In a new report released today, CSW reveals that the Cuban government’s approach to freedom of religion or belief (FoRB) has continued to deteriorate and attributes this both to weakened protections for the right under the country’s , adopted in early 2019, as well as a repressive government response to the launch of the Cuban Evangelical Alliance, which brought together the largest Protestant denominations on the island.
CSW received 260 documented violations of FoRB in 2019, compared to . The figures are not exhaustive but serve as an indicator and reflect the experiences of a range of religious groups across the island. Recorded violations include harassment of religious leaders, arbitrary detention, confiscation of religious property, the forced closure of churches, and restrictions on travel, movement and the distribution of religious materials. The government targeted some of those responsible for the first hand documentation of FoRB violations, for example arbitrarily detaining in for 10 days and in for 29 hours and subjecting him to intense interrogation.
The report also reveals a pattern of discrimination in education against children belonging to religious groups, who are either targeted because of their own faith or because of the faith of their parents: “Acts of discrimination can be severe, including teachers or school administrators encouraging or even organising verbal and sometimes physical attacks on religious students.” In late 2019, two brothers belonging to the Bnei Anusim Jewish community unless they removed their kippot.
2019 saw some positive developments, particularly within Cuba’s religious sector. In June 2019 seven Protestant denominations on the island, including the five largest in terms of membership, in a show of inter-denominational unity unseen since the 1959 Revolution. The government responded by blocking the leaders of the founding denominations from traveling outside of Cuba and summoned them and others involved in the formation of the alliance in for repeat interrogations over the latter half of the year.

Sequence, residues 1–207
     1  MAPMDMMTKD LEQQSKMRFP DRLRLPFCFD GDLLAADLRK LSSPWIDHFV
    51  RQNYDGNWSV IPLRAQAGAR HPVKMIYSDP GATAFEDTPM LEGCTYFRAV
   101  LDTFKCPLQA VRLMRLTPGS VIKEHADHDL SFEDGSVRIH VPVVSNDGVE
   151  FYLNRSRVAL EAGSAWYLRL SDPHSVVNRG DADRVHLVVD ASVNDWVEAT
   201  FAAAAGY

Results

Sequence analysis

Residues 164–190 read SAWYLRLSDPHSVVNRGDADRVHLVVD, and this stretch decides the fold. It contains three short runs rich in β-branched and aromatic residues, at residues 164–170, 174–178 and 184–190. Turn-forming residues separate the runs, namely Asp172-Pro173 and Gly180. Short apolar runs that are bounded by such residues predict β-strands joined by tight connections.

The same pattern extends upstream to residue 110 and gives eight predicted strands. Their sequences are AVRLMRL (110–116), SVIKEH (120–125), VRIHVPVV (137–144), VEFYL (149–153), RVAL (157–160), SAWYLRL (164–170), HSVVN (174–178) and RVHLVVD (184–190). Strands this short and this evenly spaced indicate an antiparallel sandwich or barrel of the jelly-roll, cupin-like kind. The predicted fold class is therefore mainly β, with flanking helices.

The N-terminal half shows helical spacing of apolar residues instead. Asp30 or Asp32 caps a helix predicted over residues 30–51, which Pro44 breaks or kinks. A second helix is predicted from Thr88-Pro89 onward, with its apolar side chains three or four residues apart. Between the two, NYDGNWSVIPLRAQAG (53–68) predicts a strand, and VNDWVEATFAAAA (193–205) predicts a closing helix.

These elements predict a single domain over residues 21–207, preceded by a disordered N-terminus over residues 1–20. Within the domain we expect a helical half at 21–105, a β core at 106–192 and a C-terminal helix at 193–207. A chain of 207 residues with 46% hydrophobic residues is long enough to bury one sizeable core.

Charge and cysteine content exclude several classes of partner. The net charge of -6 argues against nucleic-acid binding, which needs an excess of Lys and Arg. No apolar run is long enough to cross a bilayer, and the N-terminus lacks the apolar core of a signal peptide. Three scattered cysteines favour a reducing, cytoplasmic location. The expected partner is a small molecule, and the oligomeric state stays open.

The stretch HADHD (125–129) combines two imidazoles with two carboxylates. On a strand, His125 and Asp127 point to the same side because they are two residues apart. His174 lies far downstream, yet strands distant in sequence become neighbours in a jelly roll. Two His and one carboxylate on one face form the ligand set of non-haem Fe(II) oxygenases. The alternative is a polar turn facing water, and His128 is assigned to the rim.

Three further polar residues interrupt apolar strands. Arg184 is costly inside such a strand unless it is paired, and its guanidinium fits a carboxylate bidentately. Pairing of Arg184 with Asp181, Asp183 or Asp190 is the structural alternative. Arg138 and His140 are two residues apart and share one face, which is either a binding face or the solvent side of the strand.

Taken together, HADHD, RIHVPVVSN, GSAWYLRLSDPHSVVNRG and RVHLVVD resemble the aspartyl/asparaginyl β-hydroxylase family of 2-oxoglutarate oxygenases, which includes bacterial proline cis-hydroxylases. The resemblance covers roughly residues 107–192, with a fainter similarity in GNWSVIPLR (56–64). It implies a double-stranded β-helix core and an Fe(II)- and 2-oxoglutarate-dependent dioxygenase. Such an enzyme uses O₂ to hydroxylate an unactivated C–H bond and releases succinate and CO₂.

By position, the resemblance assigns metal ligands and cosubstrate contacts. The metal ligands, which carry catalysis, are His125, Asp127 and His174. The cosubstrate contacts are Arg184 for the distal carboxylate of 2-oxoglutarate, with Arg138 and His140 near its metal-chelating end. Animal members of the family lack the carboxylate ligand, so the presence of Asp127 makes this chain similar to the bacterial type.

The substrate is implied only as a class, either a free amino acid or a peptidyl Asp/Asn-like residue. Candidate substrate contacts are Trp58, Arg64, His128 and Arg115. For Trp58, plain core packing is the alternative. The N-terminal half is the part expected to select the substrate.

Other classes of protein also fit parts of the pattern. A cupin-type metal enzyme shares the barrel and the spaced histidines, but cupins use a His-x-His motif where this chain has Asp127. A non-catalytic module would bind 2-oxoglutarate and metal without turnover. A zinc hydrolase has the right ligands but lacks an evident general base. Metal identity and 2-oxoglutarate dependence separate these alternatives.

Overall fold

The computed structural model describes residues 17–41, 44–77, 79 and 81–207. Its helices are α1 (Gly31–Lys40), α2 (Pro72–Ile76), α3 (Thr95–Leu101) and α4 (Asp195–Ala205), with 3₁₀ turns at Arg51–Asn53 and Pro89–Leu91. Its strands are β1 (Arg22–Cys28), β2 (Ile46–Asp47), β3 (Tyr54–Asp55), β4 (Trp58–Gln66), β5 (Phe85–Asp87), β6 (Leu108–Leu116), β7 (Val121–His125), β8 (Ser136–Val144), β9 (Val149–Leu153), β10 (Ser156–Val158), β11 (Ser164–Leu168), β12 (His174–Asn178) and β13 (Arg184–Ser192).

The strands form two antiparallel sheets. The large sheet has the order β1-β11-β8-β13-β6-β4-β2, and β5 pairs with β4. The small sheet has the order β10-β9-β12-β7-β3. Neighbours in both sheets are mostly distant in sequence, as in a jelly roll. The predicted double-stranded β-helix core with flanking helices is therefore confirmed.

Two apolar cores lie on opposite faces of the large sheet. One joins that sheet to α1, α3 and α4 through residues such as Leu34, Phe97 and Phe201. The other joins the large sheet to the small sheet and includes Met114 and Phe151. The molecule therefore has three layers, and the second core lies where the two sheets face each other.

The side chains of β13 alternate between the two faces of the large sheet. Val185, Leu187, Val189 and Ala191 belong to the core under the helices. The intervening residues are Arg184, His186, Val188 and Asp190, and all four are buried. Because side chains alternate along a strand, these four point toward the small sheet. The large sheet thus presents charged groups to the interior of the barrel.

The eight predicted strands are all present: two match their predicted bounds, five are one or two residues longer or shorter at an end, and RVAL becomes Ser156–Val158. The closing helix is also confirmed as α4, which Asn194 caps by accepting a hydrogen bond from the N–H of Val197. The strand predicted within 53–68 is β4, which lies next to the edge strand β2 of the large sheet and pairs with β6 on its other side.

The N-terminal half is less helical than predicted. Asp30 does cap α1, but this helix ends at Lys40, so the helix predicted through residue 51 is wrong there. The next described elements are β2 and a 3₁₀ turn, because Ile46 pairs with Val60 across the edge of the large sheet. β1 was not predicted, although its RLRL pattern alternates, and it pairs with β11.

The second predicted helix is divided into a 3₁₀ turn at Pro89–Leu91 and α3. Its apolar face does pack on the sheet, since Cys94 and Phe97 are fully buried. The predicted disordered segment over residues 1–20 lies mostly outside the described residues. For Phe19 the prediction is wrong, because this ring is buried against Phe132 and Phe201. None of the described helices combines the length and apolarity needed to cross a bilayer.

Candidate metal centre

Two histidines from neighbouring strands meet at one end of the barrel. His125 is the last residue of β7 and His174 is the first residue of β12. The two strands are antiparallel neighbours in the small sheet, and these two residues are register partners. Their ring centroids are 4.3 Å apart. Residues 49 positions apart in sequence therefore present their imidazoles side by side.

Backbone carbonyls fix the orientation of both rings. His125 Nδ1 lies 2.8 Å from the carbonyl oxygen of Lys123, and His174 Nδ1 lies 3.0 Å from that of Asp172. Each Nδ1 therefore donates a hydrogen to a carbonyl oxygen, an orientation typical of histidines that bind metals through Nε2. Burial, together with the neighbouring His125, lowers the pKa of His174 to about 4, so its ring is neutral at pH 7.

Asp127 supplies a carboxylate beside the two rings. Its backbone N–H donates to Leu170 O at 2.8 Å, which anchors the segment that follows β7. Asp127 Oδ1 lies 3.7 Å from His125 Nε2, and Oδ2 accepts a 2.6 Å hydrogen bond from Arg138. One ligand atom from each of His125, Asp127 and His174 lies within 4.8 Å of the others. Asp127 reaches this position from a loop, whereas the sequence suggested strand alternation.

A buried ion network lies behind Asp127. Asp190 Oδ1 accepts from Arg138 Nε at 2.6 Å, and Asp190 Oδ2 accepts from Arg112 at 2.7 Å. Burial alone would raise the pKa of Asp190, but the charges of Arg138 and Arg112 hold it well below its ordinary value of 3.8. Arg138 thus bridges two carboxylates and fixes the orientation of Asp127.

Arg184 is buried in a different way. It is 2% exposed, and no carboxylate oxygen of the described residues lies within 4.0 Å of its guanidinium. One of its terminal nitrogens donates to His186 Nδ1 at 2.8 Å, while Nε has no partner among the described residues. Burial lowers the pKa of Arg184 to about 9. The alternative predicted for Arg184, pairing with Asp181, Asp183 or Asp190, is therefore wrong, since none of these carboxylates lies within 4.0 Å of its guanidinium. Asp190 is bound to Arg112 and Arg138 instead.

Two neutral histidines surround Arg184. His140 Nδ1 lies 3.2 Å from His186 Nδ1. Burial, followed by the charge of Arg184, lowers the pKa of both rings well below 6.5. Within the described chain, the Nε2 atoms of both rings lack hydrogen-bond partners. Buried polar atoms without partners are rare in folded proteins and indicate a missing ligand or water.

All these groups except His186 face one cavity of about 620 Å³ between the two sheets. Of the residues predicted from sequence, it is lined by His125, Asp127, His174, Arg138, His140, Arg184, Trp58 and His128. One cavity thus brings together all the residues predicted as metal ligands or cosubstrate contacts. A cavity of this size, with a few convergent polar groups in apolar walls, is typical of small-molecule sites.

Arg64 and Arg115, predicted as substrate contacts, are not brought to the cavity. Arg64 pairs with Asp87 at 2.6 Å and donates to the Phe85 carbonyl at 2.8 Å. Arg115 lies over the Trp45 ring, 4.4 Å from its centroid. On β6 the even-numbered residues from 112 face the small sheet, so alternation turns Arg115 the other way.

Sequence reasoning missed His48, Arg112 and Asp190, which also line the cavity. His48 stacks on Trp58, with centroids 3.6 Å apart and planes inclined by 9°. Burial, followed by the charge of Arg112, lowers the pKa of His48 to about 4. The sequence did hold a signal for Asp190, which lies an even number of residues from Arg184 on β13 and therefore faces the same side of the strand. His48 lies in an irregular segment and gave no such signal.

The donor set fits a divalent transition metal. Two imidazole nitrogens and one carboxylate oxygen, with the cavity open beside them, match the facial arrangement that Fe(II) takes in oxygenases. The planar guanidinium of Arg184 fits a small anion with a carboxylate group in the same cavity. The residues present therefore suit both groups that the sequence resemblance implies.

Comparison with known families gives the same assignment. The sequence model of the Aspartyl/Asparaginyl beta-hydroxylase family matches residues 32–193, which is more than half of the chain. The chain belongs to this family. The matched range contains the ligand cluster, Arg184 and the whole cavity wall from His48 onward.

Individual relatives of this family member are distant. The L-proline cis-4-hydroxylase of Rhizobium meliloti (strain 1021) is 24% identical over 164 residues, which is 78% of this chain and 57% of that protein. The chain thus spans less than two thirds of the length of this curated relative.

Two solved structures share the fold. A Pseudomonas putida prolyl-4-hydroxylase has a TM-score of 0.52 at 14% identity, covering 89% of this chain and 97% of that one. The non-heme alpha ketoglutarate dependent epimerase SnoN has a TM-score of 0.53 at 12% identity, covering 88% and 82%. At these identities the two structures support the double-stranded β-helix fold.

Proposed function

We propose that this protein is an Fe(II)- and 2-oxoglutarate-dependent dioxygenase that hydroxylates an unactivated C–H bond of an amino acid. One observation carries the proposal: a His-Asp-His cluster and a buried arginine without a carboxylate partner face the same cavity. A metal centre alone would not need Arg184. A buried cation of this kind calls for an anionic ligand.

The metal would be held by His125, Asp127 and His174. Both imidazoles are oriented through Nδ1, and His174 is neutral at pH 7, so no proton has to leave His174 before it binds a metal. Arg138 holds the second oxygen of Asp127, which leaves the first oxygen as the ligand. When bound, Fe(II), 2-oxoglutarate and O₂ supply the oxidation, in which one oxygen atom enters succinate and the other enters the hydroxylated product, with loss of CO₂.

The main perpetrator of the FoRB violations is the Cuban government’s Office of Religious Affairs (ORA), which has the authority to regulate religious affairs on the island. The report states: “The wording of the new constitution indicates that the government has no plans to improve FoRB or freedom of conscience, but rather is looking to tighten its grip on religious groups and religious expression.”
In December 2019, the United States State Department that Cuba had been added to the Special Watchlist for governments that have engaged in or tolerated “severe violations of religious freedom.” CSW’s report concludes: “It is critical to the future of FoRB in Cuba that the international community supports these efforts, both by promoting respect for FoRB in all bilateral and multilateral discussions with the government, and by responding strongly to all cases of FoRB violations, including the targeting of religious leaders involved in the promotion of FoRB and efforts at building cross-denominational alliances.”
CSW’s Head of Advocacy Anna-Lee Stangl said: “This new report demonstrates that the situation for all religious groups in Cuba remains dire, and that the Cuban government is the primary perpetrator of violations against them. However, there remains some cause for hope as demonstrated by the formation of the Cuban Alliance of Evangelical Churches and the increasing number of Cubans who are documenting and speaking out on FoRB violations despite the potential repercussions. The international community must do everything in its power to support FoRB defenders as well as efforts to promote more unity and cooperation among different religious groups, as well as other efforts to defend the right to FoRB in Cuba, including by raising the cases contained in this report at every opportunity.”
Note to Editors:
1. The Cuban Evangelical Alliance is a member of the , a recognised network of churches in 129 nations which holds Special Consultative Status in the Economic and Social Council of the UN (ECOSOC).
2. Click here to read the full report.